Company fined $2+ million for failing to tell workers about chemical risks
The issue: Hexavalent chromium exposure
One of the largest manufacturers of chromium chemicals in the world has been ordered to pay a $2,571,800 fine for failing to disclose information about the health risks of hexavalent chromium exposure to its workers.
The administration decision issued last week against Elementis Chromium, Inc. was based on a requirement of the Toxic Substances Control Act (TSCA). Hexavalent chromium is a known carcinogen.
The EPA’s Cynthia Giles said the judgement reinforces the importance of companies providing information about the risks their chemicals pose.
TSCA requires chemical manufacturers, processors, or distributors that obtain information demonstrating that a substance or mixture presents a substantial risk of injury to human health or the environment immediately inform the U.S. Environmental Protection Agency (EPA). This information allows EPA to understand and limit, when necessary, potential hazards associated with the manufacturing, use, and disposal of chemical substances.
In September 2010, the EPA filed a complaint against Elementis with the Office of Administrative Law Judges, alleging TSCA violations for failing to report the results of an industry-commissioned study that documented significant occupational impacts to workers in modern chemical plants.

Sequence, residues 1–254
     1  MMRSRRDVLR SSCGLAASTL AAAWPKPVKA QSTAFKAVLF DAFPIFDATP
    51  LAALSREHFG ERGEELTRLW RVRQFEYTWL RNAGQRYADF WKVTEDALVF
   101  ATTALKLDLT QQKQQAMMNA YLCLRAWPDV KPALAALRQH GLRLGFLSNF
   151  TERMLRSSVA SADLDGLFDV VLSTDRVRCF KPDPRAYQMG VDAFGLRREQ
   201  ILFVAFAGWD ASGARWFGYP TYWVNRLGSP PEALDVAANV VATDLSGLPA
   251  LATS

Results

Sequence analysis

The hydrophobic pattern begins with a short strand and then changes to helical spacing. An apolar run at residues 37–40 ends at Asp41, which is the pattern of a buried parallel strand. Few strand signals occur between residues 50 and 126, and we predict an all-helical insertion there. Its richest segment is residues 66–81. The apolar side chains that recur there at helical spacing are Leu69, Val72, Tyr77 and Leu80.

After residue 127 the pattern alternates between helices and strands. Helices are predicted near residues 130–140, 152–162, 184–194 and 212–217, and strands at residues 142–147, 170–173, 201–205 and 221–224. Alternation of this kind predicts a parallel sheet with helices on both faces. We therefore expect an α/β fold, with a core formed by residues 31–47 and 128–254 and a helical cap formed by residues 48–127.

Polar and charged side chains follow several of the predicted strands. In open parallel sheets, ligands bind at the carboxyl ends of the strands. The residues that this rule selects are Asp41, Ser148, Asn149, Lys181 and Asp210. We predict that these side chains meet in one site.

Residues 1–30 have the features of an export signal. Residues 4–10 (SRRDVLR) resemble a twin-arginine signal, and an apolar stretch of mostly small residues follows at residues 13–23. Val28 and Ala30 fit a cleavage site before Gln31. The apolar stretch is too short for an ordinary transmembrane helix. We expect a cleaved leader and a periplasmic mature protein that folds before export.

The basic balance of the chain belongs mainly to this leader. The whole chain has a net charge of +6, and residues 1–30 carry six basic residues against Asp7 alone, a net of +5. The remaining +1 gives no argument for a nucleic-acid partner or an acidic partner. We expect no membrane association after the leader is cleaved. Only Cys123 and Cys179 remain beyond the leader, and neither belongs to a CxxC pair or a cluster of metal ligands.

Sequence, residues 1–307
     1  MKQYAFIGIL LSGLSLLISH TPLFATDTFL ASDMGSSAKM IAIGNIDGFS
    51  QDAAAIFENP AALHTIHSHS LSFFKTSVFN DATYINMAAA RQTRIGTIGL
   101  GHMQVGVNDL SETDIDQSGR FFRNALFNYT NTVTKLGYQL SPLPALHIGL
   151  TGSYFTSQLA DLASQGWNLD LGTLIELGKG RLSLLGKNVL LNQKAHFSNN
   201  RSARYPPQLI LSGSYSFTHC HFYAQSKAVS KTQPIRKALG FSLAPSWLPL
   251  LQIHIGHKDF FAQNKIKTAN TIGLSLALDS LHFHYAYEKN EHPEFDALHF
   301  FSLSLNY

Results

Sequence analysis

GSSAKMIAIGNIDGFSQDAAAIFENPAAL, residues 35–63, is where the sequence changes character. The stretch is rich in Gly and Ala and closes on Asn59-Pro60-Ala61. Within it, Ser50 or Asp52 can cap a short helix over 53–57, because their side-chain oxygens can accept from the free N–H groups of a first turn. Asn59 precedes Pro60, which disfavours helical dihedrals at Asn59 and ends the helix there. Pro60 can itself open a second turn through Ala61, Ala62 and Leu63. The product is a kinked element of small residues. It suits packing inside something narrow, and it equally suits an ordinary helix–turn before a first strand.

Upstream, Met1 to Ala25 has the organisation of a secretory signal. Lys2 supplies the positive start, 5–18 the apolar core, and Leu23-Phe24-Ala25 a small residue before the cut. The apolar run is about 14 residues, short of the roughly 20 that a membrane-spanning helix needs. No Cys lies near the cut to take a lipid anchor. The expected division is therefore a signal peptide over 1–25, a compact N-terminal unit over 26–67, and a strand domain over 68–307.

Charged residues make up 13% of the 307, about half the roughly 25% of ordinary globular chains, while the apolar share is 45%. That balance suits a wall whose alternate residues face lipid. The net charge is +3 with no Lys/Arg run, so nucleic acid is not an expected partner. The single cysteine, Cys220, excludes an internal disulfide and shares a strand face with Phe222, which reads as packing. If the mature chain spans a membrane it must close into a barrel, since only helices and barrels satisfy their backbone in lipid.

According to the agency, the study filled a gap in scientific literature regarding the relationship between hexavalent chromium exposure and respiratory cancer in modern chromium production facilities. Chief Administrative Law Judge Susan Biro held an administrative hearing in December 2011, where both sides presented expert witnesses and additional evidence. On November 12, 2013, Judge Biro issued a decision and assessed a penalty, concluding that Elementis had violated TSCA.
Elementis, which is based in East Windsor, N.J., is a global specialty chemical company with operations worldwide. Elementis has been manufacturing and distributing chromium-based chemical substances and mixtures for more than 35 years and has two main manufacturing plants in Castle Hayne, N.C., and Corpus Christi, Texas.